by Dennis Crouch
Esip Series 2, LLC v. Puhzen Life USA, LLC (Fed. Cir. 2020)
In its decision here, the Federal Circuit has applied Thryv, Inc v. Click-To-Call Techs., LP, 140 S. Ct. 1367 (2020) and refused to consider whether the USPTO erred in its real-party-in-interest analysis.
In Cuozzo (2016), the Supreme Court held that this Court is precluded from reviewing Board decisions concerning the “particularity” requirement under § 312(a)(3). The Court explained that § 314(d) bars appellate review of “questions that are closely tied to the application and interpretation of statutes related to the Patent Office’s decision to initiate inter partes review.” The Court further explained that “where a patent holder grounds its claim in a statute closely related to that decision to institute inter partes review, § 314(d) bars judicial review.”
[I]n Thryv (2020) … the Supreme Court held that § 314(d) also precludes judicial review of the agency’s decision whether to apply the one-year time bar set forth in § 315(b)). . . .
In view of Cuozzo and Click-to-Call, we find no principled reason why preclusion of judicial review under § 314(d) would not extend to a Board decision concerning the “real parties in interest” requirement of § 312(a)(2). ESIP’s contention that the Board failed to comply with § 312(a)(2) is “a contention that the agency should have refused to institute an inter partes review.” Indeed, ESIP expressly argues that the agency should have refused to institute inter partes review because of Puzhen’s failure to identify all “real parties in interest.”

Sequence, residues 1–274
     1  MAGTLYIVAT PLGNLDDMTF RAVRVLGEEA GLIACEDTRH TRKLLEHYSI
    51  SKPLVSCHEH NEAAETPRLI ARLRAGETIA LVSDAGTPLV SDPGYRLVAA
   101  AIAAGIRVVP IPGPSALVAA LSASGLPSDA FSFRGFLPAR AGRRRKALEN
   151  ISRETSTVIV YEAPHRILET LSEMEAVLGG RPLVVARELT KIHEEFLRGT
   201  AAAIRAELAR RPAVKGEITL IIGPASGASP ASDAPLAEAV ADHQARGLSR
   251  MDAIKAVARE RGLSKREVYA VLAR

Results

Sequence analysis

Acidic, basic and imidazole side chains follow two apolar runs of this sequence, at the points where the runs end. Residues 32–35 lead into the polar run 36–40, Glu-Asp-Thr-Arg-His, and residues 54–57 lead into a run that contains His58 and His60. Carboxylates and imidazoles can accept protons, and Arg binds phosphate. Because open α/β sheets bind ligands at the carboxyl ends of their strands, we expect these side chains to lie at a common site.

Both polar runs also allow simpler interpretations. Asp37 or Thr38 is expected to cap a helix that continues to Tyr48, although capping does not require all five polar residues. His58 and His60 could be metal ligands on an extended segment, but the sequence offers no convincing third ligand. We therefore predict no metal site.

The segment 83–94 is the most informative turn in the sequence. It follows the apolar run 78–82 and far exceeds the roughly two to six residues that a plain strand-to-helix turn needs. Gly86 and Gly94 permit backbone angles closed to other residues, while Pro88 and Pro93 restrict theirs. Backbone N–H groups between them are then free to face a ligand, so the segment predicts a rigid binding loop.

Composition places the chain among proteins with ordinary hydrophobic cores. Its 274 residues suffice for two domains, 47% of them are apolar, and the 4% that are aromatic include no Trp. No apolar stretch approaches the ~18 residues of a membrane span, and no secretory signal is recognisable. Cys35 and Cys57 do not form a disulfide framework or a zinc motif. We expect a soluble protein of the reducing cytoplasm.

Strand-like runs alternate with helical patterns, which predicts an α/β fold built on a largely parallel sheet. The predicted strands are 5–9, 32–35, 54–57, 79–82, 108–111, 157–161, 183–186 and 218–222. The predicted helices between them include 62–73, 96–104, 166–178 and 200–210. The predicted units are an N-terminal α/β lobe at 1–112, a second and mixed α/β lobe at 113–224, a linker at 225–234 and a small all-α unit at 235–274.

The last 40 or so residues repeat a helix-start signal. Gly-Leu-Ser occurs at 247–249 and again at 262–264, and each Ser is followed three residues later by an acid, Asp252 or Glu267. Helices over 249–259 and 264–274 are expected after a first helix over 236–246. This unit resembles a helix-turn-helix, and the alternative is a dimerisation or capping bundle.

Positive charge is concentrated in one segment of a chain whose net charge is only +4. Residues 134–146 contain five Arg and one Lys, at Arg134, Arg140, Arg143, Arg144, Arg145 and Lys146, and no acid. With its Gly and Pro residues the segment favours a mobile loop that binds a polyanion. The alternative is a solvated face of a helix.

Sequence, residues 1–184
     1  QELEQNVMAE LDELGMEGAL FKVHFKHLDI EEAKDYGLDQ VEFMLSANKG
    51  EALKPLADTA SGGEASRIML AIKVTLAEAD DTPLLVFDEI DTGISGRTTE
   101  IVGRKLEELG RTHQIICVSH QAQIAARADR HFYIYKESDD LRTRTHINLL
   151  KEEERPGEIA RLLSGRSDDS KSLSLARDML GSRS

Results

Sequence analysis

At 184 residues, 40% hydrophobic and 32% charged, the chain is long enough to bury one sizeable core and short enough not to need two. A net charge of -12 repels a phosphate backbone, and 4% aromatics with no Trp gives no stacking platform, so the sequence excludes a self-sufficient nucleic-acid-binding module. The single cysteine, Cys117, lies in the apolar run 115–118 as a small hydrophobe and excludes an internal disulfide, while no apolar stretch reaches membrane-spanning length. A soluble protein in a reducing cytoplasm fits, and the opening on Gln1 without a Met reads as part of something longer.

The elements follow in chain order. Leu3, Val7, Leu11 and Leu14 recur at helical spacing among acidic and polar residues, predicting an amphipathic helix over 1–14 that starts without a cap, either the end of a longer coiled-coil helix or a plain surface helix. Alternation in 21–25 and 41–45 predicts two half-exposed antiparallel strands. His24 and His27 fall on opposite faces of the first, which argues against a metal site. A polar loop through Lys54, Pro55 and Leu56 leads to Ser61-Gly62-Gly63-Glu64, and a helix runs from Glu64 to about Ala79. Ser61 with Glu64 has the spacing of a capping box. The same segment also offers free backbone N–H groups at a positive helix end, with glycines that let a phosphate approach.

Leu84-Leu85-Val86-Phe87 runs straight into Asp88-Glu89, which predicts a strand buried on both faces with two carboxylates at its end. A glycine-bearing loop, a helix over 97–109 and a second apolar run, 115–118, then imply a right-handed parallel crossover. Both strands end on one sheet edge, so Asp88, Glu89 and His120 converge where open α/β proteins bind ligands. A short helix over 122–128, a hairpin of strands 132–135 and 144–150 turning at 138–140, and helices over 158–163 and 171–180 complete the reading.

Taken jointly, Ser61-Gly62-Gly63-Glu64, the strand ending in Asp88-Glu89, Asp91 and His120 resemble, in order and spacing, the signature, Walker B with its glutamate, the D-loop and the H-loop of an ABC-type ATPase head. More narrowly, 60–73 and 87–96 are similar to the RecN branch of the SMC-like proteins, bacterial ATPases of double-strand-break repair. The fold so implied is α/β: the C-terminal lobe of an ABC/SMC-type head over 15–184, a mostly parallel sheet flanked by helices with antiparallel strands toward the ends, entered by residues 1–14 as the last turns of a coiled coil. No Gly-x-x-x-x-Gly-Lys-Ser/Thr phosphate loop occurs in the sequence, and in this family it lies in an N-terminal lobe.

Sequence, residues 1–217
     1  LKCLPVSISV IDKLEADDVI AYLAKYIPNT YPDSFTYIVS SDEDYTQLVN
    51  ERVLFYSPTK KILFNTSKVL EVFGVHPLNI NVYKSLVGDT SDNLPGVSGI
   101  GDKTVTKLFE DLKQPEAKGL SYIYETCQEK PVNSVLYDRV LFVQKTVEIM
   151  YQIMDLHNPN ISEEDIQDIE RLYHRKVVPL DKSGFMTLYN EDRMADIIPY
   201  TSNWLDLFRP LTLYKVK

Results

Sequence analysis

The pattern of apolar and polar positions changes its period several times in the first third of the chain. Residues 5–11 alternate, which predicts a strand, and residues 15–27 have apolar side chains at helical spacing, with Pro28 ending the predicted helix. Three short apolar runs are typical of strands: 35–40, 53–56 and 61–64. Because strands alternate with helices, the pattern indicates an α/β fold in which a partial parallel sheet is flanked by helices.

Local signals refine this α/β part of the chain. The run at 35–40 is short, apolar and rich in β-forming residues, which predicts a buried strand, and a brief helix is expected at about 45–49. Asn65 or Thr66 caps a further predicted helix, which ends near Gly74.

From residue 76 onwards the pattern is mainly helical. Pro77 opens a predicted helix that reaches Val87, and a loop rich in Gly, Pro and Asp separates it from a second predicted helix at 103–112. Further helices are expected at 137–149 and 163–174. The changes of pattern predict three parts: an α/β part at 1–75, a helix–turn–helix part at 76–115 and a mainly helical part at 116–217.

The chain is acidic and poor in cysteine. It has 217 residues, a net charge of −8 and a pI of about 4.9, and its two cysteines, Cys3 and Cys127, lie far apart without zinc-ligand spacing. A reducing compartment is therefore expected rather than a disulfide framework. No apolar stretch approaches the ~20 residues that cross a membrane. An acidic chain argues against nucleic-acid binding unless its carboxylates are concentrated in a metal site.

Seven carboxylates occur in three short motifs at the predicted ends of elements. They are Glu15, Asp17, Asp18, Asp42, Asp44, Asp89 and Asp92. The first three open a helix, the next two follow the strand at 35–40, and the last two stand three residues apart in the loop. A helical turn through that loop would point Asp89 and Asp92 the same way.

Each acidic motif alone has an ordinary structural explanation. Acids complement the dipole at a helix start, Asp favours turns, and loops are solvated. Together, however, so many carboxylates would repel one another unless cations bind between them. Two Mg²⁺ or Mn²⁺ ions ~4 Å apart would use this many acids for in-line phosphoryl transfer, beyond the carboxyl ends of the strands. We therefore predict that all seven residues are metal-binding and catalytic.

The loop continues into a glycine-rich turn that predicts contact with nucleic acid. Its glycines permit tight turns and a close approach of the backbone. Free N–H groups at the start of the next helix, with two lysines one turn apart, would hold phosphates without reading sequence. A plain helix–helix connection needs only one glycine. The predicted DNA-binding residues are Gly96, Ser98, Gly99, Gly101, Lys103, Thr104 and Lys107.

Slip Op. Here, the statute requires that a petition for inter partes review “may be considered only if” the petition identifies all real-parties-in-interest. In the case, ESIP argued that doTERRA should be considered a real-party-in-interest because the company is a co-defendant in the underlying litigation, sells the accused Puhzen product, and agreed to be bound by the IPR estoppel. The Board’s approach to the issue will stand without considering whether it is in accordance with the law.
Thryv was released after briefing and oral arguments had been complete. The court did accept the supplemental authority, but those are severely limited. In its statement to the court, patentee ESIP argued that it wasn’t (only) appealing the institution decision but rather (also) whether the petition met the statutory requirements: “[We] contend that Puzhen’s IPR Petition did not satisfy the statutory requirement in 35 U.S.C. § 312(a)(2).”
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On the underlying merits, the Federal Circuit affirmed the PTAB’s obviousness final decision regarding the claimed “method for introducing a scent into breathable air,” US9415130; IPR2017-02197.